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A robust method for transfection in choanoflagellates illuminates their cell biology and the ancestry of animal septins

David Booth, Heather Middleton, Nicole King

Preprint posted on June 09, 2018 https://www.biorxiv.org/content/early/2018/06/09/343111

Article now published in Molecular Biology of the Cell at http://dx.doi.org/10.1091/mbc.e18-08-0514

The development of transfection technologies in choanoflagellates sheds light on ancestral cell scaffolding machinery.

Selected by Maya Emmons-Bell

Choanoflagellates are closely related to animals, making them a fantastic comparative model to reconstruct the cell biology of the first animals. However, until now, research in choanoflagellates has been limited by the absence of methods for efficient transgene expression.

Here, Booth et al. present the rigorous and comprehensive development of a method for efficient DNA delivery and expression in the choanoflagellate Salpingoeca rosetta. The multi-step method is the first report of efficient transgenic transformation in the system. The authors carefully dissect the contribution of each component of the protocol in producing efficient transformation, positing particular technical procedures which could assist in development of transgenics in other emerging cellular model systems. For example, choanoflagellates are encased in a thick mesh of extracellular matrix, which has historically hampered effective delivery of DNA. The authors develop a method for removing much of the ECM mesh without damaging cells, as well as novel recovery conditions, allowing for successful nucleofection and subsequent cell survival.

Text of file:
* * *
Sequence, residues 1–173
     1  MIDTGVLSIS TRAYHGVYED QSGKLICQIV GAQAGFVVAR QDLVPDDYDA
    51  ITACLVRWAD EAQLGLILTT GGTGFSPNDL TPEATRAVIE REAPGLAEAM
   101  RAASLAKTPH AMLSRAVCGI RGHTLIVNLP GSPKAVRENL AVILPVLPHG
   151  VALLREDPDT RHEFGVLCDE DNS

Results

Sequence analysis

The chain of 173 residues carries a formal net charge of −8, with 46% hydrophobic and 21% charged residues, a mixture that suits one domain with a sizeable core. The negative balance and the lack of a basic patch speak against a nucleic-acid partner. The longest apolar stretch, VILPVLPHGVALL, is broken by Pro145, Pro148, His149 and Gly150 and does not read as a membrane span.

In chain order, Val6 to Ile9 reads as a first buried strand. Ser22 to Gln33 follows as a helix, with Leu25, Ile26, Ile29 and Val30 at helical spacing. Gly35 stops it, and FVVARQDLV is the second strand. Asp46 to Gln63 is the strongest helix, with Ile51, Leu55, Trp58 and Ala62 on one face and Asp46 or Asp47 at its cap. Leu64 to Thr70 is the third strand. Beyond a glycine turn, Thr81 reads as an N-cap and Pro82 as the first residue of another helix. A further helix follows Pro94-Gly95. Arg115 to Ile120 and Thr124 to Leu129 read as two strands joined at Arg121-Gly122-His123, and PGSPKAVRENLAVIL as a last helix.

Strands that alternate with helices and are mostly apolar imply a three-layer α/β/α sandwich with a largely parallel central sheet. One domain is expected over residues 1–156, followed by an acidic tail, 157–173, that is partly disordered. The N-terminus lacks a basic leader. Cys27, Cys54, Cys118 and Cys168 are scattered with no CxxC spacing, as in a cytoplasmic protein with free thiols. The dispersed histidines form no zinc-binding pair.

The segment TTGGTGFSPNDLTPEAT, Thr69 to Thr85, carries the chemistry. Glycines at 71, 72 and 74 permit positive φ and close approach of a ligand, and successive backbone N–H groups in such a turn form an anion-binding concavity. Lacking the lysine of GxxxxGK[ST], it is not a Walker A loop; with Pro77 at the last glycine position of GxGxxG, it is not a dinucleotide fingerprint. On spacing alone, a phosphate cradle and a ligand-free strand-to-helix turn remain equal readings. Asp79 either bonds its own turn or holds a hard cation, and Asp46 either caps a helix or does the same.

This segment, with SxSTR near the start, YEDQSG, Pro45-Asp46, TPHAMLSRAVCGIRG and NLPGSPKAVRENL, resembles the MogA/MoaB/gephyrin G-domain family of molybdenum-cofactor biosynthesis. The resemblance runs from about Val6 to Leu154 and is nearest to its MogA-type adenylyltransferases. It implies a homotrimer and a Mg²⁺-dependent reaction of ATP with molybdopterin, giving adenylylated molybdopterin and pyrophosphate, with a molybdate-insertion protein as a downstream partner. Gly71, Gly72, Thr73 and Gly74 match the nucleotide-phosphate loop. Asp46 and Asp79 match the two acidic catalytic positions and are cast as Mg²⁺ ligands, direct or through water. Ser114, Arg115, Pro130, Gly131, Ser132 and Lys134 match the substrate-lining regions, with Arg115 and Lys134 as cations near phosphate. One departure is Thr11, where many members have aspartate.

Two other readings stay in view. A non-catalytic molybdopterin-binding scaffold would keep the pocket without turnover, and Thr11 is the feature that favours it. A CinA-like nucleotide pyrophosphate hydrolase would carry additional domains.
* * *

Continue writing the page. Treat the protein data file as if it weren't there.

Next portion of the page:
The group goes on to endogenously tag gene products in order to highlight cellular structures in S. rosetta. They present markers of organelles and cytoskeletal elements, uncovering novel actin and tubulin structures, and allowing for visualization of flagellar beating in vivo.

Ultimately, choanoflagellates are a powerful experimental system to interrogate the function of gene products known to be important to animal cell biology, in the hopes of reconstructing what the ancestors of animals may have looked like. To this end, Booth et al. endogenously tagged the septin SrSeptin2. Septins play central roles in cell structure, division, and polarity in animal cells, and SrSeptin2 transcript abundance is markedly increased in the multicellular life stage of the choanoflagellate S. rosetta. Incredibly, the authors found that choanoflagellate septins are localized basolaterally at cell contacts, in similar patterns to polarized epithelial cells, suggesting that spatially restricted septin expression may have evolved before the divergence of choanoflagellates and animals.

The paper reports a massive amount of careful and laborious protocol optimization, leading to a major technical advance in the field. But, it goes beyond tool development to unveil novel choanoflagellate structures and the conservation of core polarity and adhesion molecules between animals and their closest relatives.

In the future, scientists may tag any number of genes to compare the expression and localization of the products between choanoflagellates and animal cells.

 

Fluorescent markers expressed from reporter plasmids in the choanoflagellate S. rosetta.
Reproduced from Figure 3. of the preprint.

 

Questions for the authors

What general features of non-model cells might impact transfection protocol optimization? How might researchers modify your protocol to apply it to new species?

What gene families would be most informative to tag and visualize in choanoflagellates in order to draw meaningful conclusions about animal evolution?

 

Posted on: 18th June 2018 , updated on: 19th June 2018

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